If You Have Been Denied SSI or SSDI,
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Social Security Insurance
Social Security Disability
What can a lawyer do for me?
Statistics show that people who have been denied Social Security Disability benefits are much more likely to succeed on appeal if they are represented by a lawyer. That’s because the laws governing SSI and SSDI are complex. Not surprisingly, an experienced SSI attorney can gather the medical evidence and make the persuasive arguments under the law that you most likely cannot. You should consider engaging an attorney for appeal if:
Social Security is a safety net created by the Federal Government to provide for those who are sick and unable to work by virtue of their mental or physical health problems. The benefits provided under Social Security are paid under two programs: SSI and SSDI.
Social Security Disability Insurance (SSDI) provides disability benefits for those who cannot work due to a health problem, and who have paid into the Federal Social Security program through the FICA taxes withheld from their paychecks. To be eligible for SSDI, you must have worked at least 5 of the last 10 years, or if less than 5 years, enough to “earn the sufficient number of credits” required to be eligible. This is a Long Term Disability insurance program that you have paid into as a taxpayer if you have worked in recent history.
Social Security Insurance (SSI) provides similar monthly benefits to those who cannot work by virtue of a physical or mental health impairment, and who also meet certain financial requirements relating to the amount of resources in their household. For example, if you are married and your spouse earns too much, you will not be eligible for SSI even if you can’t work because of your health problems. But you may still be eligible for SSDI if you have a sufficient work history.
SSI and SSDI both require that you suffer from your alleged health problem for a period of 12 months, before you can be eligible for benefits. You must prove that you suffer from a “Severe” impairment and the first step to showing that is to prove that it lasted for “12 months or longer, or is likely to result in death.”
No matter how serious your health problems are, if you are working and earning over a certain amount each month, you will not be eligible for SSI or SSDI benefits. Even if you are working on a part time basis, the Social Security Administration may consider this evidence that you are able to work full time. If you have an “on and off” work history, you may need a lawyer to help you show why this is relevant to your health problem and should not be counted against you. If you are earning over a certain amount each month, but are granted special accommodations at work, even if they seem minimal, you may need a lawyer to show that this should not make you ineligible for benefits.
The SSA often views a medical record with references to even small amounts of drug or alcohol use as an automatic reason for denial of benefits. However, the laws surrounding the intersection of disability with drug and alcohol use are complicated, and in some cases an attorney can convince the judge that this should not be a limiting factor.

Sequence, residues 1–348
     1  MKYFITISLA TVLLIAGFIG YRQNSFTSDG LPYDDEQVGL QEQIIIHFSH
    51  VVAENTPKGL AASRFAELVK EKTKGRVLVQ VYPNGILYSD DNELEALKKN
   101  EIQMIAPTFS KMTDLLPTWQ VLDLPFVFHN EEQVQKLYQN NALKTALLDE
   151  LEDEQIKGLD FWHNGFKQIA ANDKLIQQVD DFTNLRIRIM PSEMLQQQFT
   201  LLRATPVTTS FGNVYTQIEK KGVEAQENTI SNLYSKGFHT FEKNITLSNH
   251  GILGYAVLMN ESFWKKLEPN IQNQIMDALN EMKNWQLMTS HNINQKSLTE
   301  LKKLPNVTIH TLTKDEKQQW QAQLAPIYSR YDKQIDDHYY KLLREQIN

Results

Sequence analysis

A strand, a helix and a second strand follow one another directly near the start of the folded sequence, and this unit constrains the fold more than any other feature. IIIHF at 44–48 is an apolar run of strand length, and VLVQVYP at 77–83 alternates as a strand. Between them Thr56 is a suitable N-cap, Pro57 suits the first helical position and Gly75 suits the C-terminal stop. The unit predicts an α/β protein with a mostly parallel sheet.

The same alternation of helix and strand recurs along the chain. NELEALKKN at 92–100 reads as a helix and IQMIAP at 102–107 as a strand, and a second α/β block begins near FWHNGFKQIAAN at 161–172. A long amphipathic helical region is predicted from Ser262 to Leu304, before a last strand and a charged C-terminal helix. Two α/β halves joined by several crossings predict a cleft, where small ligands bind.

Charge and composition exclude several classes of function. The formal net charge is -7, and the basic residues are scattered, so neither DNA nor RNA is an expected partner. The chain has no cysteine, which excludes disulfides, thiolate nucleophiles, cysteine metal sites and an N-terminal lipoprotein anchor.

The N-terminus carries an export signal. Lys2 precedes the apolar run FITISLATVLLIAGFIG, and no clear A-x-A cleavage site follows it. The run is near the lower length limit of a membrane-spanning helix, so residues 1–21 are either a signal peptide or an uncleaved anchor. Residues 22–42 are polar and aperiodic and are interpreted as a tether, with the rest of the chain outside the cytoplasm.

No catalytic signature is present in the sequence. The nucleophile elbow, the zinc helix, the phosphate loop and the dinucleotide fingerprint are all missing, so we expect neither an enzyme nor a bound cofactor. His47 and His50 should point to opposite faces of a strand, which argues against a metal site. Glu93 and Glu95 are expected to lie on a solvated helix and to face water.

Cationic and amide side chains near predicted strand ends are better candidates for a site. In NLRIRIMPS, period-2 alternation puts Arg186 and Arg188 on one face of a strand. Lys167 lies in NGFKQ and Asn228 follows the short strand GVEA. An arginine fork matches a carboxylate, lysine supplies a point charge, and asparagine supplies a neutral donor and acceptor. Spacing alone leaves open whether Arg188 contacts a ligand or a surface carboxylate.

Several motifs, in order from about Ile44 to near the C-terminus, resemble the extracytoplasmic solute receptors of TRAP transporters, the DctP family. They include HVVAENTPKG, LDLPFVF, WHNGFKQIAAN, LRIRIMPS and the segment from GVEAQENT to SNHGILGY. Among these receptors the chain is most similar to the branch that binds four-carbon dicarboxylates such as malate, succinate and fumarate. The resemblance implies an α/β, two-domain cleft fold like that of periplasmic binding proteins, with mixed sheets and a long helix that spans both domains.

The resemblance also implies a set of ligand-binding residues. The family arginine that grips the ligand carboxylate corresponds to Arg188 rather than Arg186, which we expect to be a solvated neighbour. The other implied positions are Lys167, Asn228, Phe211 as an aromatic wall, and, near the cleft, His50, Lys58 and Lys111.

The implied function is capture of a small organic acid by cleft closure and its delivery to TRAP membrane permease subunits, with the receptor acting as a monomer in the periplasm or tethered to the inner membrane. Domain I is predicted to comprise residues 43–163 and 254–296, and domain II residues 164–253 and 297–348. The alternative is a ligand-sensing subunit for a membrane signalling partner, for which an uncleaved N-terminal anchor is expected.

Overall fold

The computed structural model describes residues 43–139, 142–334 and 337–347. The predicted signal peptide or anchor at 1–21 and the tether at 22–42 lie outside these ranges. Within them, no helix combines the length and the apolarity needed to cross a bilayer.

The Social Security Administration (SSA) is an enormous federal bureaucracy that employs thousands of people across the county to evaluate disability claims. Given the complexity of the Social Security laws, and the numbers of people interpreting the applications and making the decisions, it is not surprising that their decisions sometimes seem inconsistent. Often a person who is denied knows someone who is receiving benefits that is “not as bad off,” or who “doesn’t deserve it.” This is another reason why you should give yourself the best chance of success with an appeal by having an attorney assist you in navigating the bureaucracy.
SSA applies different rules to younger applicants than they apply to applicants who are older. The reasoning for this is a general agreement that older individuals are less capable of occupational retraining and less likely to recover from illness. Younger applicants, on the other hand, are presumed to be more capable of retraining, and more likely to recover. If you are a younger applicant, but your circumstances make retraining and/or recovering highly unlikely, and attorney can help you show the judge that you should not be treated as “a younger individual.”
At its most basic level, a hearing is your Constitutional due process right to have your entitlement to government benefits adjudicated. If it sounds technical, that’s because it is. It is quite literally your opportunity to be heard and to have the government consider your case and judge whether your health problems render you disabled under the law. In many respects, it is like a trial. Your lawyer will make an opening statement, ask you questions about your life, especially about your work and health, and will also cross examine expert witnesses that may be called by the government at your hearing. Without an attorney present you will most likely miss important details in your file that the Judge will consider. Without an attorney to prepare you for the hearing, you will not know what types of questions will be asked of you and you certainly will not know what types of questions to ask the expert witnesses presented by SSA. Do not go to hearing without representation.